Cisco Releases Grid Computing Controlware

By Chris Preimesberger  |  Posted 2005-09-29 Print this article Print

New hardware and software aim to improve the control and monitoring of data centers and grid computing layouts in enterprise IT systems.

Cisco Systems Inc. Wednesday announced the availability of new hardware and software that aim to improve the control and monitoring of data centers and grid computing layouts in enterprise IT systems. The InfiniBand-based Server Fabric Switch (SFS) portfolio and new VFrame 3.0 data center virtualization software are the newest offerings in the companys Data Center Networking Architecture portfolio. VFrame serves as the connecting layer between server hardware and the grid (or utility) computing deployment. It is an intelligent data center control system that provisions data center computing, I/O, switching, load balancing, security and storage resources on-demand across a programmable high-performance network fabric or grid.
Todays grid computing technology is opening new frontiers of inner and outer space. Click here to read more.
Cisco said it will eventually become the foundation for a new virtualization software suite that will deliver end-to-end manageability, control and virtualization across the data center network. "By taking advantage of Cisco VFrame 3.0 server virtualization software and SFS products, we are able to deliver virtual server services to our enterprise customers," said Larry Lozon, vice president of hosting and storage services at EDS. "This enables us to connect standard server, storage and network components together into a flexible hosting fabric to enable utility-based computing services to our clients." VFrame offers a single interface to provision Cisco data center infrastructure rather than addressing each Cisco product and technology individually. Instead, VFrame makes systemwide intelligent decisions and then marshals the appropriate infrastructure resources that are required to provision a new application on-demand and deliver its required performance, security and availability attributes, the company said. VFrame 3.0 supports applications on both Linux and Windows operating systems. For grids to really take off in the enterprise, the view of data centers needs to shift. Click here to read more. On the hardware side, the new SFS product portfolio provides a unified, high-performance fabric for connecting servers into grids of computing resources. Designed to work with Ethernet and Fibre Channel gateways, they connect server grids with shared LAN and SAN resources. "While InfiniBand has received early acceptance in the high-performance clustered computing market, it is exciting to see the adoption of this technology now in mainstream enterprise deployments as well," said Vernon Turner, group vice president and general manager of IDCs Enterprise Computing. "Combining InfiniBand with the virtualization capabilities of VFrame, Cisco has essentially delivered an open utility computing infrastructure that allows customers to get the benefits of on-demand computing with their individual server and storage platforms of choice." Cisco InfiniBand customers span the high-performance computing (HPC) and enterprise data center markets, including financial services, entertainment, energy, transportation and education. Customers include Airbus, Brigham Young University, Fitch Ratings, Georgia Institute of Technology, National Center for Supercomputing Applications and Ordnance Survey. Check out eWEEK.coms for the latest utility computing news, reviews and analysis.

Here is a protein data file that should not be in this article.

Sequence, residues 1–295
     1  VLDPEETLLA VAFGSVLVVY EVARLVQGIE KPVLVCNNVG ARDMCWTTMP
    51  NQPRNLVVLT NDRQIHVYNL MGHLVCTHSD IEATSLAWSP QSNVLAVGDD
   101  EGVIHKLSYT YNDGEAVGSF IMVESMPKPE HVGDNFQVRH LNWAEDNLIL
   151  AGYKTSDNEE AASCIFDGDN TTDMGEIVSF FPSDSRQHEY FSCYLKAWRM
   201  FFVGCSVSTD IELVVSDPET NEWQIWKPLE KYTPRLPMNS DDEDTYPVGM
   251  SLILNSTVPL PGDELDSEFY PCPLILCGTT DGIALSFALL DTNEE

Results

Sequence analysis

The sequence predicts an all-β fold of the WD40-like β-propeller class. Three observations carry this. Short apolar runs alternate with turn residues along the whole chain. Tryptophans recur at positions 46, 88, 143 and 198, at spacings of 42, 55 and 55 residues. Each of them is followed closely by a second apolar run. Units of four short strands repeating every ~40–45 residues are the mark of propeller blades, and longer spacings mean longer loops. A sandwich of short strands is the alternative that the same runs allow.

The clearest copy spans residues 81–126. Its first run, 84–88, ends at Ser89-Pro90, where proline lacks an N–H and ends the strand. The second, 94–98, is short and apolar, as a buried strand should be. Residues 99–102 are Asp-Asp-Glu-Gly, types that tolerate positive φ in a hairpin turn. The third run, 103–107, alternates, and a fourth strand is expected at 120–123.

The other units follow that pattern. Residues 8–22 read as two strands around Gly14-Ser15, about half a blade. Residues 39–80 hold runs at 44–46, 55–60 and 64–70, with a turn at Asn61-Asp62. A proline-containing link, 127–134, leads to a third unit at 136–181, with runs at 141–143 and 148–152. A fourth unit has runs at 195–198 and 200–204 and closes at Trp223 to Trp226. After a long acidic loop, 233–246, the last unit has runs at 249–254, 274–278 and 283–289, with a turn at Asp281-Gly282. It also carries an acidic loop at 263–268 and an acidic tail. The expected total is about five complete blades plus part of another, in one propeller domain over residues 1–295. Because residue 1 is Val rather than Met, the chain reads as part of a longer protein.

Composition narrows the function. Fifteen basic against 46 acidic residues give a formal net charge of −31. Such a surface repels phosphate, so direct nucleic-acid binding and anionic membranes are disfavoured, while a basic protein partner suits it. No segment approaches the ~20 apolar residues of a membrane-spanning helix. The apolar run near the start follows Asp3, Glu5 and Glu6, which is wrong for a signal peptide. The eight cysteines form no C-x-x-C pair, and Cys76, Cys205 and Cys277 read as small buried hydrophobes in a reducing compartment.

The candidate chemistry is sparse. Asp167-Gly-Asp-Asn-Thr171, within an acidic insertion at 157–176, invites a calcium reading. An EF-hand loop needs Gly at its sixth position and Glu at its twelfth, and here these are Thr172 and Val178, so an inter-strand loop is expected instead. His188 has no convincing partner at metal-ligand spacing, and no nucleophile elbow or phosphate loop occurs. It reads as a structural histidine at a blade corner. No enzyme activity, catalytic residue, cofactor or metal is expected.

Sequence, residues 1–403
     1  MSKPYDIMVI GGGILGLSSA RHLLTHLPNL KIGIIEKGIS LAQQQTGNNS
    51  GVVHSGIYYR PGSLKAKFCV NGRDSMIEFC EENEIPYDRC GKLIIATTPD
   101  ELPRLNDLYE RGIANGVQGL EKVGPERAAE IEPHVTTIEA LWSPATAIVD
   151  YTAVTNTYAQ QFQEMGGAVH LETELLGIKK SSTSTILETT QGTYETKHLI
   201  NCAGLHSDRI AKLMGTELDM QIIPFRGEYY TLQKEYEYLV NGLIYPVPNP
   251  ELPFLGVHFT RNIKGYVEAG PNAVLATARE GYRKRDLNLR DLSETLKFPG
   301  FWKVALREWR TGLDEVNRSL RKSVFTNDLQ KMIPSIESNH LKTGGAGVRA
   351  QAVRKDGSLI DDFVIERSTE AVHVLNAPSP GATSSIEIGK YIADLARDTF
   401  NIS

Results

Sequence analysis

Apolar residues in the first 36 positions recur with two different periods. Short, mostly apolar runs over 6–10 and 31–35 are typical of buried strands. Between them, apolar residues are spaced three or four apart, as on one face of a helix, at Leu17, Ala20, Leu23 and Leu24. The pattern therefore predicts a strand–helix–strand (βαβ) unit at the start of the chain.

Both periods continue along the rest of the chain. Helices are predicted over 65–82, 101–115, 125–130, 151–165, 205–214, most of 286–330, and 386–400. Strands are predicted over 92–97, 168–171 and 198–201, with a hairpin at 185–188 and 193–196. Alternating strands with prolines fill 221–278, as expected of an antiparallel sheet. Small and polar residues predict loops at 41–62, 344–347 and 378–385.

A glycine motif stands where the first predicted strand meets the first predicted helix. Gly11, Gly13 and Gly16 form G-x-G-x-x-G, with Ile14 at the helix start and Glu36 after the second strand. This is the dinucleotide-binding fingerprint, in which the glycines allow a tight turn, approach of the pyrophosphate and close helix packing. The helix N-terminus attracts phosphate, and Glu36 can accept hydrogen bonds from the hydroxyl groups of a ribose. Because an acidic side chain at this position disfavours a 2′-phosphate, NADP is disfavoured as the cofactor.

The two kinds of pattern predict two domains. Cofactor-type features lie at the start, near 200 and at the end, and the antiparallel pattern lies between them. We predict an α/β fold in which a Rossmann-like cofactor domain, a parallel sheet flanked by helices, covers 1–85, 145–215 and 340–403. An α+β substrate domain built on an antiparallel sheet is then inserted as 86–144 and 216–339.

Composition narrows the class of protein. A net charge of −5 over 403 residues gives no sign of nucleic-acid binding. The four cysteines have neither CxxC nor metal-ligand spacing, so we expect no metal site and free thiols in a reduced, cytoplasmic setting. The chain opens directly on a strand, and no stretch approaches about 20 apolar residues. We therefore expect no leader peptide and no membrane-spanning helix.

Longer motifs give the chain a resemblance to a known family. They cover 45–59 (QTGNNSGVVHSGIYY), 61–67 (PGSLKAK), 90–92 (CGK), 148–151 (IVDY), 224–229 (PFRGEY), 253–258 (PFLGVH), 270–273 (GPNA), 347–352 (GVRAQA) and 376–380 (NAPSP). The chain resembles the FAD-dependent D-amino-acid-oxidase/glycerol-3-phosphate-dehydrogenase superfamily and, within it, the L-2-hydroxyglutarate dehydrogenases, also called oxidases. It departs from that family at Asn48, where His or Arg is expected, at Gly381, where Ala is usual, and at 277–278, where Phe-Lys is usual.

Chris Preimesberger Chris Preimesberger was named Editor-in-Chief of Features & Analysis at eWEEK in November 2011. Previously he served eWEEK as Senior Writer, covering a range of IT sectors that include data center systems, cloud computing, storage, virtualization, green IT, e-discovery and IT governance. His blog, Storage Station, is considered a go-to information source. Chris won a national Folio Award for magazine writing in November 2011 for a cover story on and CEO-founder Marc Benioff, and he has served as a judge for the SIIA Codie Awards since 2005. In previous IT journalism, Chris was a founding editor of both IT Manager's Journal and and was managing editor of Software Development magazine. His diverse resume also includes: sportswriter for the Los Angeles Daily News, covering NCAA and NBA basketball, television critic for the Palo Alto Times Tribune, and Sports Information Director at Stanford University. He has served as a correspondent for The Associated Press, covering Stanford and NCAA tournament basketball, since 1983. He has covered a number of major events, including the 1984 Democratic National Convention, a Presidential press conference at the White House in 1993, the Emmy Awards (three times), two Rose Bowls, the Fiesta Bowl, several NCAA men's and women's basketball tournaments, a Formula One Grand Prix auto race, a heavyweight boxing championship bout (Ali vs. Spinks, 1978), and the 1985 Super Bowl. A 1975 graduate of Pepperdine University in Malibu, Calif., Chris has won more than a dozen regional and national awards for his work. He and his wife, Rebecca, have four children and reside in Redwood City, Calif.Follow on Twitter: editingwhiz

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